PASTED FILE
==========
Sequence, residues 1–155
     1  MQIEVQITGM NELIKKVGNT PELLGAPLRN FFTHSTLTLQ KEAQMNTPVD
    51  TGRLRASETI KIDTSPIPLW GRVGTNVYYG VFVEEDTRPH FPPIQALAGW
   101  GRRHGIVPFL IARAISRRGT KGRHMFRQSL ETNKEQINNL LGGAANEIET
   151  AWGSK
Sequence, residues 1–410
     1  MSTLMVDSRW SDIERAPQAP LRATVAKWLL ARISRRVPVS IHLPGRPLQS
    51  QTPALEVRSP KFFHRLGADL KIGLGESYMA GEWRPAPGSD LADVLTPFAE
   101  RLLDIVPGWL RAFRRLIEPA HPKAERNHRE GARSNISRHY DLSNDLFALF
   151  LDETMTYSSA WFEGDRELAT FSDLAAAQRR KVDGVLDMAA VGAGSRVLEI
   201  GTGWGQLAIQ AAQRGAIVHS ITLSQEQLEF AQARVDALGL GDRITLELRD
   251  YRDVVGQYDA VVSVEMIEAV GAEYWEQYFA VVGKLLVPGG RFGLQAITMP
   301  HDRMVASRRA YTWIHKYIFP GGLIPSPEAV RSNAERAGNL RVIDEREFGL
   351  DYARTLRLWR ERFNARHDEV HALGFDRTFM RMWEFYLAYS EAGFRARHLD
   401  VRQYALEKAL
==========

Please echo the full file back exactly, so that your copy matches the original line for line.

Sequence, residues 1–155
     1  MQIEVQITGM NELIKKVGNT PELLGAPLRN FFTHSTLTLQ KEAQMNTPVD
    51  TGRLRASETI KIDTSPIPLW GRVGTNVYYG VFVEEDTRPH FPPIQALAGW
   101  GRRHGIVPFL IARAISRRGT KGRHMFRQSL ETNKEQINNL LGGAANEIET
   151  AWGSK
Sequence, residues 1–410
     1  MSTLMVDSRW SDIERAPQAP LRATVAKWLL ARISRRVPVS IHLPGRPLQS
    51  QTPALEVRSP KFFHRLGADL KIGLGESYMA GEWRPAPGSD LADVLTPFAE
   101  RLLDIVPGWL RAFRRLIEPA HPKAERNHRE GARSNISRHY DLSNDLFALF
   151  LDETMTYSSA WFEGDRELAT FSDLAAAQRR KVDGVLDMAA VGAGSRVLEI
   201  GTGWGQLAIQ AAQRGAIVHS ITLSQEQLEF AQARVDALGL GDRITLELRD
   251  YRDVVGQYDA VVSVEMIEAV GAEYWEQYFA VVGKLLVPGG RFGLQAITMP
   301  HDRMVASRRA YTWIHKYIFP GGLIPSPEAV RSNAERAGNL RVIDEREFGL
   351  DYARTLRLWR ERFNARHDEV HALGFDRTFM RMWEFYLAYS EAGFRARHLD
   401  VRQYALEKAL